Like most ecosystems, the Everglades are sensitive to change. The slightest hiccup; the subtraction or addition of a plant or animal can bring sweeping and permanent change to all the parts. The most publicized, and perhaps most exotic of these invasive species is the Burmese Python. Sometime in the 80s, no doubt a misguided pet owner channeling his inner Michael Jackson, let lose some Burmese Pythons that had grown too big to wrap around their mullets. That mistake resulted in a population of Pythons that are now estimated in the 100s of thousands. These monster-sized snakes are now eating the natural predators at the top of the Everglade food chain, the alligators. In some areas, the Pythons have devoured 90% of the animal life; everything from wrens to deer.
Realizing the potential for destruction of one of the world’s most unique habitats, the government now spends $500 million dollars a year trying to save it. And it’s not just from Pythons; there are trees, snails, mice and yes, men who want to take over this prime real estate.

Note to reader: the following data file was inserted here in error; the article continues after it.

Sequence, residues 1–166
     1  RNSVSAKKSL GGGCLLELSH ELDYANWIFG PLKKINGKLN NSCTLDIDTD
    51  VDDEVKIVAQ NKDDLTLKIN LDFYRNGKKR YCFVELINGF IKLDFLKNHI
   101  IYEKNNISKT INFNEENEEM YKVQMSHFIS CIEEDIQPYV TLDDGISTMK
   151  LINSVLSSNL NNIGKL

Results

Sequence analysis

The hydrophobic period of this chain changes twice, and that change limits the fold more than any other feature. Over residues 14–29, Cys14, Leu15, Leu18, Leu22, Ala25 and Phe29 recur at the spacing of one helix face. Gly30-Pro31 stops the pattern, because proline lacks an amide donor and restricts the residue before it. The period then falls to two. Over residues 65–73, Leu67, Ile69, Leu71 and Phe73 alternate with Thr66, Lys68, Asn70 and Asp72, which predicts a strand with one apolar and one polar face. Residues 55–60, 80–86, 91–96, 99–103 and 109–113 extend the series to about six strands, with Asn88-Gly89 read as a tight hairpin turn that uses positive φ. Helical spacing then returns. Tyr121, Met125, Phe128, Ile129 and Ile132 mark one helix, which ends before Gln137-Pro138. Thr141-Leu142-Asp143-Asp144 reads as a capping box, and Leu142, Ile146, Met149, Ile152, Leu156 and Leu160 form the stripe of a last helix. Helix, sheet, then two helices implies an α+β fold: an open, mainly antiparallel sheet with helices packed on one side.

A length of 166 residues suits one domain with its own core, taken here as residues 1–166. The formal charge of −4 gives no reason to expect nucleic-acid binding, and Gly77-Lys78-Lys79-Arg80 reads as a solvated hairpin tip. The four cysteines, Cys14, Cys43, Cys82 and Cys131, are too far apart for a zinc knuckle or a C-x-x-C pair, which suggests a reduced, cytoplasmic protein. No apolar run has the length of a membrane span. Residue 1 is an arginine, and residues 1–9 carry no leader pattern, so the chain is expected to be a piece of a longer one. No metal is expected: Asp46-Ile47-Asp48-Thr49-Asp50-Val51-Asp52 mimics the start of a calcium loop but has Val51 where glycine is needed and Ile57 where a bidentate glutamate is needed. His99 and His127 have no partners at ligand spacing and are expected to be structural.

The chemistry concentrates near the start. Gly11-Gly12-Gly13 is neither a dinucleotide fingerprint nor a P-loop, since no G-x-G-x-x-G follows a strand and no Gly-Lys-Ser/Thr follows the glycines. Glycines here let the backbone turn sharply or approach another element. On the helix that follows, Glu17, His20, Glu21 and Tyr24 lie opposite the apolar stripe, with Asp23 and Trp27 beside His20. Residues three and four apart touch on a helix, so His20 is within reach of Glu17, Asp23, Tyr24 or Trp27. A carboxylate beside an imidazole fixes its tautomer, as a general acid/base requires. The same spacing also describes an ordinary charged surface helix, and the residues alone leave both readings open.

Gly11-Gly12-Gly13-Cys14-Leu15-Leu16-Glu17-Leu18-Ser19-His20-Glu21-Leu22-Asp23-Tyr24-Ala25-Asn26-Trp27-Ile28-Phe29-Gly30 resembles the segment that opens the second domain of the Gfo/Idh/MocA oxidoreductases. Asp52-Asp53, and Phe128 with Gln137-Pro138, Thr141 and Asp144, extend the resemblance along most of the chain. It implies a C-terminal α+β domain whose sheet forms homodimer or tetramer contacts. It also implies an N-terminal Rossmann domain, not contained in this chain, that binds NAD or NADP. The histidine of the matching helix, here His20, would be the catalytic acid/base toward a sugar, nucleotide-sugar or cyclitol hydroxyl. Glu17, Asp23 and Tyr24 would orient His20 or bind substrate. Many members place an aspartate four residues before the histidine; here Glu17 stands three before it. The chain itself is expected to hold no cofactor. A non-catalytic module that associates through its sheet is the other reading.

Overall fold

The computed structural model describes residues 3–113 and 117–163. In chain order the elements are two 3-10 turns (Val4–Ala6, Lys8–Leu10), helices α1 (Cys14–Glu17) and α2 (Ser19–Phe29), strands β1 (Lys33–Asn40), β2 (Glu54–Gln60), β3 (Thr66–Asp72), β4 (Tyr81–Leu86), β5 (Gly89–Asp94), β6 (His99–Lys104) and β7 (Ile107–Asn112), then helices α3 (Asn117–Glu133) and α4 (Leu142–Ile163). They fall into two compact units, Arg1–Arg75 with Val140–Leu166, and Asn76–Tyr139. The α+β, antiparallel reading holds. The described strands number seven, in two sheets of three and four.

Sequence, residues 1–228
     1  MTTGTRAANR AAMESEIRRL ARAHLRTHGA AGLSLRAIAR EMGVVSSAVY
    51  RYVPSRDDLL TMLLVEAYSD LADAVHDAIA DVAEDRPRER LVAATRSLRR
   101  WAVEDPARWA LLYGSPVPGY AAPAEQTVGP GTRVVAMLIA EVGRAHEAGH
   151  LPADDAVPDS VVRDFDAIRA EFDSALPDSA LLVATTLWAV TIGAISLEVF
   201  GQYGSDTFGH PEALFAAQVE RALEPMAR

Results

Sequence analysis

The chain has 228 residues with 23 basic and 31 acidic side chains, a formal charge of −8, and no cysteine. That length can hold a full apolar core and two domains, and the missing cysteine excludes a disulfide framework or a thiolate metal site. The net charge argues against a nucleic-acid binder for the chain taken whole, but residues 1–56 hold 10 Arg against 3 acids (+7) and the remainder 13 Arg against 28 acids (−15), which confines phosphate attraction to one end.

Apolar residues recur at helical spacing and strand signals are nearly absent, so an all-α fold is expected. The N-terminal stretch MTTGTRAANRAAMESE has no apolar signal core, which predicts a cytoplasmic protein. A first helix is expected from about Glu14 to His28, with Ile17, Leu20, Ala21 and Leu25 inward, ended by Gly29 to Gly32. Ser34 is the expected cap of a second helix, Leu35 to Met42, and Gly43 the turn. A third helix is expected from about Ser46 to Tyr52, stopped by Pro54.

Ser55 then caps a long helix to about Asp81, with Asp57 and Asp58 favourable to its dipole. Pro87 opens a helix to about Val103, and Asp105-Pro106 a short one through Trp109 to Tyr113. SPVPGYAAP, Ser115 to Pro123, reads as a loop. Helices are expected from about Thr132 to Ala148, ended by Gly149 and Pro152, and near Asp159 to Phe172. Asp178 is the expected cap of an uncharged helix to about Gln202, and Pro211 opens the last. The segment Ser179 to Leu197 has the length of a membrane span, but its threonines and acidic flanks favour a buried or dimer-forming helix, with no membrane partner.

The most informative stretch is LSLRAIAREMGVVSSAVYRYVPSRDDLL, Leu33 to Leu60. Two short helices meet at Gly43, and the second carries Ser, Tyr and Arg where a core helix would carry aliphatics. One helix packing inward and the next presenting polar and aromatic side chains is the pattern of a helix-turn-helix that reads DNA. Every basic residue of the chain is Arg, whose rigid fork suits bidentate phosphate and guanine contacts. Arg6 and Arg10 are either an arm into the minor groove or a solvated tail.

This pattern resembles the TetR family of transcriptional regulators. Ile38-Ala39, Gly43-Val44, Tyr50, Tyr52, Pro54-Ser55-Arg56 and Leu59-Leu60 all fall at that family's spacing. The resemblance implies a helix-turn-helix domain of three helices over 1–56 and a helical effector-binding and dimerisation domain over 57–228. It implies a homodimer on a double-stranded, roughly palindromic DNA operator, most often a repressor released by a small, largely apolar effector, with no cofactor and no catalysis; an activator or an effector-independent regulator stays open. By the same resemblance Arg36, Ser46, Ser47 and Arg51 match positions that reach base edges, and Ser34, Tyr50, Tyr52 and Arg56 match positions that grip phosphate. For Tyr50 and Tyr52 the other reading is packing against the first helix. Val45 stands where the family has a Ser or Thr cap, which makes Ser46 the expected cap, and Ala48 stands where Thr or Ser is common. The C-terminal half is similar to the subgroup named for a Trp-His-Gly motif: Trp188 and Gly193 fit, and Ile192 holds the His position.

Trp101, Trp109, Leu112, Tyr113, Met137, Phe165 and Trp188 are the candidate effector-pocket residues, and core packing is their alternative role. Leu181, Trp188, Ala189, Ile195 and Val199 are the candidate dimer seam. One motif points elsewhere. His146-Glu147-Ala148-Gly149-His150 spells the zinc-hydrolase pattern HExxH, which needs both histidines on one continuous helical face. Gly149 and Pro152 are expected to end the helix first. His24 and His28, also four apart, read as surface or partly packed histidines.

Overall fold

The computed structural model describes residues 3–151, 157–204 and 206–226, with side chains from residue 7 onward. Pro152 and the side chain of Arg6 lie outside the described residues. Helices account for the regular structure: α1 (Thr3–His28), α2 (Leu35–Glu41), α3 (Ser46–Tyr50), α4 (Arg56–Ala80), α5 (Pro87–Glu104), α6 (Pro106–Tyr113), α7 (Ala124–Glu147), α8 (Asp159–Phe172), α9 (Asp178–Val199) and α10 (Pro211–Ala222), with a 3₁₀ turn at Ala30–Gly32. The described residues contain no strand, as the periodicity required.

As we traveled south I thought of those Pythons. People in Florida hate them. They hold contests to see who can kill the most snakes. Once, a tour guide operator even jumped in after a one attempting to wrestle it with his bare hands. He was almost strangled to death in front a group of tourists. Pythons are Everglade Public Enemy #1 but they didn’t really do anything wrong. They are just Pythons being Pythons. But that doesn’t change the fact that they don’t belong there, even if they like the warm weather and plentiful golf courses. It does not change the fact that if left unfettered, they will destroy a good thing.
As I looked out the car window onto the mangroves and saw grass, it hit me. I’ve let loose Pythons in my marriage.
Marriage Pythons are unforgiven deeds. Resentments. Marriage Pythons are deadly and if allowed to grow unfettered, they will proliferate and destroy 90% of all the other pieces that make a marriage unique and beautiful. If you can’t stop the Marriage Pythons, the ecosystem will collapse. Right then I decided to become a Python hunter, but since I’m more a catch and release kind of gal, I’m not killing them. I’m caging them. Studying them.